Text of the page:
Feras M. Freitekh has been identified as the man who crashed a plane into the streets of East Hartford, CT. Feras was a pilot trainee who was flying a Piper PA 34 when it crashed into a utility pole while on final approach to Hartford-Brainard Airport. The crash scene is located near the intersection of Main Street and Colt Street.
The instructing pilot, who has not been yet named, was in the cockpit was Feras was badly burned and injured. He was taken to Bridgeport Hospital. While in the hospital, he told investigators that Feras crashed the plane intentionally, the NY Times reports.
Terrorism hasn’t been ruled out, although the crash also being investigated as an accident. The scene and story are still developing.
A Piper PA 34 plane hit a utility pole in East Hartford, CT, killing one pilot trainee (Feras M. Freitiekh) and injuring the pilot instructor. It is believed that Feras downed the plane intentionally.
The Federal Bureau of Investigation is joined by Connecticut’s counter-terrorism task forc,e State Police Central District Crime Squad and Fire and Explosion Investigations Unit in what is now considered a multi agency investigation.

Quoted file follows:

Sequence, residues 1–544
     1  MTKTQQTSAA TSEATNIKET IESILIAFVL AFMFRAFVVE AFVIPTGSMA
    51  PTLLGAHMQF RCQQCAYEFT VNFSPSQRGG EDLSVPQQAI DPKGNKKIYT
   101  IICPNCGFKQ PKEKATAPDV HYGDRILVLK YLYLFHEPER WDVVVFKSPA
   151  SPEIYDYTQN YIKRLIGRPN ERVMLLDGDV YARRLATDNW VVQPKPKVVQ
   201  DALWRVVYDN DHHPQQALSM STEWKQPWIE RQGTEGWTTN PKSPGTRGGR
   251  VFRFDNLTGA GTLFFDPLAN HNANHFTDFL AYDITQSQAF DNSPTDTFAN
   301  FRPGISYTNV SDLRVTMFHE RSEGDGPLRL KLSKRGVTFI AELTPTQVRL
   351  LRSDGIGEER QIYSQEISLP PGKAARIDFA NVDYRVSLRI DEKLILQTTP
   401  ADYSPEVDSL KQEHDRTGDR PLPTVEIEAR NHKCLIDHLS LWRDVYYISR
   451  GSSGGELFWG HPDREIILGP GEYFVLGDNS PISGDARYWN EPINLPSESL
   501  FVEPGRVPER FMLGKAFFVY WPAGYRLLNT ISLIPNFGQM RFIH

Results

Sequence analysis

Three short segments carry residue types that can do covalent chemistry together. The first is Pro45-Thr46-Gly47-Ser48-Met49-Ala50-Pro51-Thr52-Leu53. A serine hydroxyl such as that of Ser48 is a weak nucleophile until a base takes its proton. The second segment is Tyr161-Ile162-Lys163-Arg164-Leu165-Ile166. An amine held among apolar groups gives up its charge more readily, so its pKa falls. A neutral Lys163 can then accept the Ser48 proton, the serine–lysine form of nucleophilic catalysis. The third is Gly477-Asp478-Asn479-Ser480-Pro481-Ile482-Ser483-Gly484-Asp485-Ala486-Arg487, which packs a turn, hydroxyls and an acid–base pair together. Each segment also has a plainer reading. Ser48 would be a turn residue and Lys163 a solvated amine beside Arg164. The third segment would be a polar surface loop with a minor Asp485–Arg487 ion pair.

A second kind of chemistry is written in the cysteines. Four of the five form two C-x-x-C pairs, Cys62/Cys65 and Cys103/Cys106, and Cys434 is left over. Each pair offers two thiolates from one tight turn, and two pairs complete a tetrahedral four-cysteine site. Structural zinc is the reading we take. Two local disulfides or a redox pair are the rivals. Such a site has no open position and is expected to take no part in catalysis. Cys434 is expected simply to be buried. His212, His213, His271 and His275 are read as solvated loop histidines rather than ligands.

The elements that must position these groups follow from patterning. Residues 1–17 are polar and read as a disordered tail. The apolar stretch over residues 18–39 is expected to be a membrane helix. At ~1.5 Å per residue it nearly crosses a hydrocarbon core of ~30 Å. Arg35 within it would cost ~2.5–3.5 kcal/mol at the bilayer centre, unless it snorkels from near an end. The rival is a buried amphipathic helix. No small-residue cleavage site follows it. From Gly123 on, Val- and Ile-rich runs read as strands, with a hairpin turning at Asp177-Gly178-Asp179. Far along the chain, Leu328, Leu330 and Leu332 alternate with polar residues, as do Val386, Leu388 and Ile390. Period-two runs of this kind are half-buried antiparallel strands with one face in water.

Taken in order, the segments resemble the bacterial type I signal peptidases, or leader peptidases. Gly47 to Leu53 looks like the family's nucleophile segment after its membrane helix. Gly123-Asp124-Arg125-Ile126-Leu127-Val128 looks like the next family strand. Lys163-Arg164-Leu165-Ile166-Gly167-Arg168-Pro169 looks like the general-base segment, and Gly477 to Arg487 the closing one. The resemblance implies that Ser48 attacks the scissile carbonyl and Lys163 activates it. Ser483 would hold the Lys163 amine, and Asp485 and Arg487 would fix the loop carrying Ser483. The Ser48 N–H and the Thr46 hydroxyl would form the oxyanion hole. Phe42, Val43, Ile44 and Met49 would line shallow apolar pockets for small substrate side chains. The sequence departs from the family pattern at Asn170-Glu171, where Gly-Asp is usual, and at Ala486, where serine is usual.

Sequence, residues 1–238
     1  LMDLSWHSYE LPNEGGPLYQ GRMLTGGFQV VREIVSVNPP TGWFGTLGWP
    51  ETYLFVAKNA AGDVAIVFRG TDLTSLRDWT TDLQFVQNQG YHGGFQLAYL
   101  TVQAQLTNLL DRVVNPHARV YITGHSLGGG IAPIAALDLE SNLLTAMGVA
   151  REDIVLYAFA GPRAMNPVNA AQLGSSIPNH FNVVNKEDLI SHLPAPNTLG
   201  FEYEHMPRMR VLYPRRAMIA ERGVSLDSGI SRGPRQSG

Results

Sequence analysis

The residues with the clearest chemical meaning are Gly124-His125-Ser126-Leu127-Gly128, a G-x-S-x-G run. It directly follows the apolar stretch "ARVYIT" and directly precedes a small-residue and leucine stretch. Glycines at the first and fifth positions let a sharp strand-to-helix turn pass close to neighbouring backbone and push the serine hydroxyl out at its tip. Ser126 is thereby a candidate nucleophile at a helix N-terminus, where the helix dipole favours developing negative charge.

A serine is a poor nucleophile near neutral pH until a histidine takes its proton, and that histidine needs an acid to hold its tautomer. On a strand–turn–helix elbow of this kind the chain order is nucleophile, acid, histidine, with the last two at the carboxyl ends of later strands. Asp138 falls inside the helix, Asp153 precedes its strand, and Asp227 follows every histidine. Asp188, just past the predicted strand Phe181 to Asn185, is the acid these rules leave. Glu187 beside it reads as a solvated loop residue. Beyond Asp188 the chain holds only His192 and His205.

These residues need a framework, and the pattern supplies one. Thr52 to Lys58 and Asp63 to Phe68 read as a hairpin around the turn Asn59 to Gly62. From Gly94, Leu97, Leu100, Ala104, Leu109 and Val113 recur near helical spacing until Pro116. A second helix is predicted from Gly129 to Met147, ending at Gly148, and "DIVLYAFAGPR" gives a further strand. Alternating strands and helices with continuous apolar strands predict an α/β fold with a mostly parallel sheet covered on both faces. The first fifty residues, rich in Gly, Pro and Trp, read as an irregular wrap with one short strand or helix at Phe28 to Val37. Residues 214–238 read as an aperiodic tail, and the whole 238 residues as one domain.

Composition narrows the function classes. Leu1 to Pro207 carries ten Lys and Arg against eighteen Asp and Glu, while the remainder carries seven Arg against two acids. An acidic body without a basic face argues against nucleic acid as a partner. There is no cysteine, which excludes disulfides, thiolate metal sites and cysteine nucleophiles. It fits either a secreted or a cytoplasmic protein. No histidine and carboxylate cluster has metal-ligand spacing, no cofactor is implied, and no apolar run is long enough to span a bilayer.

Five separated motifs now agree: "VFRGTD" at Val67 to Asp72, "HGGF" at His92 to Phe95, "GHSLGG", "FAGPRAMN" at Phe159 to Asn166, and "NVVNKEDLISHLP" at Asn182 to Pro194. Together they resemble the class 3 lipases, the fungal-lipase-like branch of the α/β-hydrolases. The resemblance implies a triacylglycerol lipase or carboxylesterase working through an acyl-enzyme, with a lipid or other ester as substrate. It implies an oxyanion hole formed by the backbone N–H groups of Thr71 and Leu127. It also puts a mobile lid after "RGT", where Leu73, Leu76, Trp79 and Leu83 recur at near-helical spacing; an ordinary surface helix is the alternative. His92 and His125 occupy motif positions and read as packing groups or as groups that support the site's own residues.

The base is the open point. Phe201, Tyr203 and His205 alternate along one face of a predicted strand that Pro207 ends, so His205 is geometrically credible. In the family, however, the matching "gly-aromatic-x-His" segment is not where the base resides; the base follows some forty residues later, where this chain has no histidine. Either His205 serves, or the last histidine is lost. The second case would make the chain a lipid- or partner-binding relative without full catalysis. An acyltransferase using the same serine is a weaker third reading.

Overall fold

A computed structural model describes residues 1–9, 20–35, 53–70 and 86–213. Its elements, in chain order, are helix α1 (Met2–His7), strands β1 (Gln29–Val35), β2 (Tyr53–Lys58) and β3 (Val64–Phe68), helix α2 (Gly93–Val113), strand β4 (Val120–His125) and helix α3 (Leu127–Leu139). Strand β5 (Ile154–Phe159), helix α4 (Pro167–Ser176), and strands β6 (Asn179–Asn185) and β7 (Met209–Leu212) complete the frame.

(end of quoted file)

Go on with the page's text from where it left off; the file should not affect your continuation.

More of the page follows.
As a result of the plane crash, the Daily Mail reports there were up to 540 power outages.
Passengers in a minivan near the scene of the crash were also injured and taken to the hospital with minor injuries.
The scene of the crash is very near the headquarters of Pratt & Whitney, an aerospace manufacturer and defense contractor. One of Pratt & Whitney’s main jobs is to manufacture jet engines for military and passenger jets.
Here’s what a Pratt & Whitney employee said in a statement, “it does not appear at this time that any Pratt & Whitney employees or contractors were involved. Additionally, there is no impact to our operation here in East Hartford other than restricted traffic flow to the facility’s main entrance on Main Street. We stand ready to assist local officials as needed.”
Who Was Feras?
Feras was a Jordanian national who came to the United States via an M1 Visa for flight school. The Federal Aviation Administration (FAA) shows that Feras was issued a private pilot certificate in 2015. He was certified to fly a single-engine plane. The Piper PA 34 Seneca that he crashed is a twin-engine plane, which would explain why he had an instructor in the cockpit with him.
Records also indicate that Feras took language classes at a school in Toledo, OH.